Tag Archive for Definition of held

FOIMan’s Q&As: how many emails?

If a request asks for the number of emails sent by a public body, should it exclude emails that relate to personal or political matters?

Section 3(2) of FOIA says:

For the purposes of this Act, information is held by a public authority if—

(a)it is held by the authority, otherwise than on behalf of another person, or

(b)it is held by another person on behalf of the authority.

Where it says “otherwise than on behalf of another person”, s.3(2)(a) is usually interpreted to mean that emails sent or received in a personal capacity, or party political emails sent or received by politicians and their advisors, will not be held by a public authority. A decision that illustrates this interpretation is Montague v IC & Liverpool John Moores University (EA/2012/0109, 13 December 2012).

However, if someone asks for the number of emails sent or received by a particular individual at a public body, it will not be appropriate to exclude personal or political emails from total figures on the basis that the information is not held. This is discussed in Lotz v IC & DWP (EA/2016/0150, January 2017) at para 29:

There is a distinction between the content of a personal or political email sent from a DWP email account and the fact that one has been sent which might reflect upon the use of resources within the DWP (within the Act) rather than the content of the emails (which is not).

As the decision goes on to say, it might be appropriate to withhold such information if an exemption applies, for example the exemption for personal data at s.40(2). But for the purposes of FOI, the number of emails on a public body’s email server will be information held, whatever the nature of those emails’ content.

Source: Lotz v IC & DWP (EA/2016/0150, January 2017) at para 29

 

Laws and Original Order

FOIMan comments on reports that former Liberal Democrat Minister David Laws is refusing to hand over an infamous note to the National Archives.

We’ve seen plenty of FOI cases where the dispute was about whether the public body held the information concerned. There was Gove and Mrs Blurt, but there have also been disputes involving academy chains and private contractors and others beside.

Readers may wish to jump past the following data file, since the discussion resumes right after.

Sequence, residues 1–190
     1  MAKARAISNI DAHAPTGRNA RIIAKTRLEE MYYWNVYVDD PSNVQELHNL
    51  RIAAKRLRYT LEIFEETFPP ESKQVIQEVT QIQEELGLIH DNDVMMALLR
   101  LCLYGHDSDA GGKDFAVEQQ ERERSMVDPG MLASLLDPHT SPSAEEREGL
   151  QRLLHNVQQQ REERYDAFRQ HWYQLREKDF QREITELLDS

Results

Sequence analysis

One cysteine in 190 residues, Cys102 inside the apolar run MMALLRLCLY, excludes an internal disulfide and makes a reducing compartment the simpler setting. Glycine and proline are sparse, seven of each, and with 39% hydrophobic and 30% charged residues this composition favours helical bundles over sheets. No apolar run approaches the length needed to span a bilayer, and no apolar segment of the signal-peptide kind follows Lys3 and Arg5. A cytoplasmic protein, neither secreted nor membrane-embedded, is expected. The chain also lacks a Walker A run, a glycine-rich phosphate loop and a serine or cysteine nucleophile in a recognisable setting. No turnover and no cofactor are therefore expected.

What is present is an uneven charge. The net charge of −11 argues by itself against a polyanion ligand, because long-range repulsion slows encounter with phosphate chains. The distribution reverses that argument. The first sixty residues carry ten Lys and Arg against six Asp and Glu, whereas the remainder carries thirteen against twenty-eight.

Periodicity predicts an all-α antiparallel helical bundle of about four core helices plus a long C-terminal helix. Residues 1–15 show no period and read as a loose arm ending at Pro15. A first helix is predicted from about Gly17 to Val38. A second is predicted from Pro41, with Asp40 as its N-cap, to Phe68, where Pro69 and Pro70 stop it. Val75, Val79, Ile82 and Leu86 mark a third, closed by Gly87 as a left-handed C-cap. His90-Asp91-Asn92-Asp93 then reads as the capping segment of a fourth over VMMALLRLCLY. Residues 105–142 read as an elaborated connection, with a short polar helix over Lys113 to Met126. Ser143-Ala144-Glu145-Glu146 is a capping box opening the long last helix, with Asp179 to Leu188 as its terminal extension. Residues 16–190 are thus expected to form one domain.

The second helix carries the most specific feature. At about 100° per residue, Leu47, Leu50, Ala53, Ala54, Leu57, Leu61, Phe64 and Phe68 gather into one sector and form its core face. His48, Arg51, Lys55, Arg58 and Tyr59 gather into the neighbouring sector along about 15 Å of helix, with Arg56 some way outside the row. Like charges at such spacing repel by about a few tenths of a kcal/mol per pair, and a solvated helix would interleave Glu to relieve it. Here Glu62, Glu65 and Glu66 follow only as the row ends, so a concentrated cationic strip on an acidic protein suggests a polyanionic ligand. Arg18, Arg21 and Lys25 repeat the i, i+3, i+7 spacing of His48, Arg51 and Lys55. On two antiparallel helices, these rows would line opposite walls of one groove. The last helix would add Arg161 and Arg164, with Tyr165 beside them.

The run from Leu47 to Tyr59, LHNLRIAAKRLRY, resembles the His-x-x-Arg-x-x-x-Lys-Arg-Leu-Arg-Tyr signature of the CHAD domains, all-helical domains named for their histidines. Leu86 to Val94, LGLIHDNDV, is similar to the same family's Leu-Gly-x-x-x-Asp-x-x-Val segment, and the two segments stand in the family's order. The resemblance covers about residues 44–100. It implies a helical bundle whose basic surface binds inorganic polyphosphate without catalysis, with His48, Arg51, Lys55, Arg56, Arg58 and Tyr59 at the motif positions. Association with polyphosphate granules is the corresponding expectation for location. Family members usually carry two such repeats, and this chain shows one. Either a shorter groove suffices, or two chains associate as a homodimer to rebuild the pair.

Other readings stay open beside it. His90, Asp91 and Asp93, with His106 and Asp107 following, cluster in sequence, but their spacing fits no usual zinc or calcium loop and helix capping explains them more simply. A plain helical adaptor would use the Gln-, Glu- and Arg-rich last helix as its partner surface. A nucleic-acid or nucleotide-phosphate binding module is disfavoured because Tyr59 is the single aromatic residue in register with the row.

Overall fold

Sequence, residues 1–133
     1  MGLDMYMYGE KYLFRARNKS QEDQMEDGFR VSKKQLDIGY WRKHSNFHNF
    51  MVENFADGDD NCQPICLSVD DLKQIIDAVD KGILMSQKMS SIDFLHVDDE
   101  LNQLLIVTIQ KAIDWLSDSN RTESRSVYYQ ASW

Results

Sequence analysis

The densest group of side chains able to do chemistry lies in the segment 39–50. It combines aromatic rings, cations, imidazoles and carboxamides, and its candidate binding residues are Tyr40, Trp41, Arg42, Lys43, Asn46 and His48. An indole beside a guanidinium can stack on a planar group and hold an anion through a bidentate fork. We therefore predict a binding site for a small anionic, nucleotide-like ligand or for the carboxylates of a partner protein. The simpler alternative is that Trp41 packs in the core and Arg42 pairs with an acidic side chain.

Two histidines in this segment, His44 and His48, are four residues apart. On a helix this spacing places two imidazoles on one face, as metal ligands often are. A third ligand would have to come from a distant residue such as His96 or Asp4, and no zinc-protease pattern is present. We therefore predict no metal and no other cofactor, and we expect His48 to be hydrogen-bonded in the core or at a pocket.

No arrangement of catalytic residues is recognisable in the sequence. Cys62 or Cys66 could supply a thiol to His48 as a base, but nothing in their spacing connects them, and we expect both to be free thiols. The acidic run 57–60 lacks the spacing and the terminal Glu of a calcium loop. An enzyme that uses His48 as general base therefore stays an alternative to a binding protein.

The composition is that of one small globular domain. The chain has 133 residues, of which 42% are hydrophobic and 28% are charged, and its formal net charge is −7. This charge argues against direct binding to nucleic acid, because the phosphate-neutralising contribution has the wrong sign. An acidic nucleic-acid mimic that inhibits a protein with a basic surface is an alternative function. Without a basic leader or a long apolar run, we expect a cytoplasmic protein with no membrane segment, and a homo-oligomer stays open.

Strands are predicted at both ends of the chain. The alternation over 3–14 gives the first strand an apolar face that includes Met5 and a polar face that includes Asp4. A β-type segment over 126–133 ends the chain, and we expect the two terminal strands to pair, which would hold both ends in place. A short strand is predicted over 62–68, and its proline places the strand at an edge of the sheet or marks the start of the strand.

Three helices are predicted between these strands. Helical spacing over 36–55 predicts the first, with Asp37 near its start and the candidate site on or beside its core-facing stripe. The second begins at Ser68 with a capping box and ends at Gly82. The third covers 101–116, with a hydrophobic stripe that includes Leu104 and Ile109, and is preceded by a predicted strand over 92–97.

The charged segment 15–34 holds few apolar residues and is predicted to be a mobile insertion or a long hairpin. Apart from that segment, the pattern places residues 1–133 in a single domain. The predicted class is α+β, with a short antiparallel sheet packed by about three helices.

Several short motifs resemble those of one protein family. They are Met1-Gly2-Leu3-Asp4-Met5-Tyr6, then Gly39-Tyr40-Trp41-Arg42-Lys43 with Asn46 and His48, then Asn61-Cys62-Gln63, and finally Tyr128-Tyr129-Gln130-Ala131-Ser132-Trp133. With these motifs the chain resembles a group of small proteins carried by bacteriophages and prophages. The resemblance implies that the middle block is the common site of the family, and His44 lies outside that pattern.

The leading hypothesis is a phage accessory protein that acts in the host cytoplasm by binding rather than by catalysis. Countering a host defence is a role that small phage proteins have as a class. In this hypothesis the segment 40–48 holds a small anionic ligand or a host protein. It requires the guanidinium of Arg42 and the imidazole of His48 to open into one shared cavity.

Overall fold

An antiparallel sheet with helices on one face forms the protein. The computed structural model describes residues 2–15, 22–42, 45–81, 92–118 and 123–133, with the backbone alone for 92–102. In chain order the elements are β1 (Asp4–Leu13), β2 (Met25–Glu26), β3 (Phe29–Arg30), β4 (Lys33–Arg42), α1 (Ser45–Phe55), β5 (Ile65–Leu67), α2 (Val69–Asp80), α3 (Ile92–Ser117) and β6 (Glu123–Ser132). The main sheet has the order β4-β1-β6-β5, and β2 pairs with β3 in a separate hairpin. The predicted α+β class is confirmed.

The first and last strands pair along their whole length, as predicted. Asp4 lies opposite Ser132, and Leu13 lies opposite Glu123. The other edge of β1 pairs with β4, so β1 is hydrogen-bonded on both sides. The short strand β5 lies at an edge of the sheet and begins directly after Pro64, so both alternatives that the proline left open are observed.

This weekend it was reported that former Treasury minister and Liberal Democrat member of the coalition government, David Laws, was refusing to hand over the infamous note from Liam Byrne, his Labour predecessor, which indicated that there was “no money left” in 2010. The Treasury and National Archives have apparently both indicated that they would like Mr Laws to hand the note over as they believe it belongs to the State.

It’s not the first time that the ownership of historical papers relating to government has been a source of dispute. One of the reasons why there was so much criticism of the purchase of Churchill’s papers with £12.5 million of National Lottery money in the mid-1990s was that many believed that some of the papers were State papers removed by him when he left office.

When is a piece of correspondence a State paper and when is it personal correspondence? It’s not straightforward and just like FOI “held” decisions it will be a matter of examining the circumstances and context.

In this case, Mr Laws has indicated that he will leave the note to the State in his will. So why is this a big deal?

Aside from the potential financial implications, there are sound archival reasons why the National Archives will be keen to take custody of the note in question.

Firstly, a national archive is resourced to preserve documents for posterity. A note written in 2010 may not seem at risk, but in an individual’s possession it might be regularly handled, exposed to sunlight, coffee and wine spillage, and inadvertent misplacement. If Mr Laws is intending to wheel it out on the after dinner speaking circuit, these are clearly significant risks. That’s ignoring any inherent weaknesses in the paper – was it written on high quality acid-free paper or on cheap recycled paper that might yellow and fade faster? The National Archives’ conservators can slow and reverse damage to documents and all the better the sooner they have access.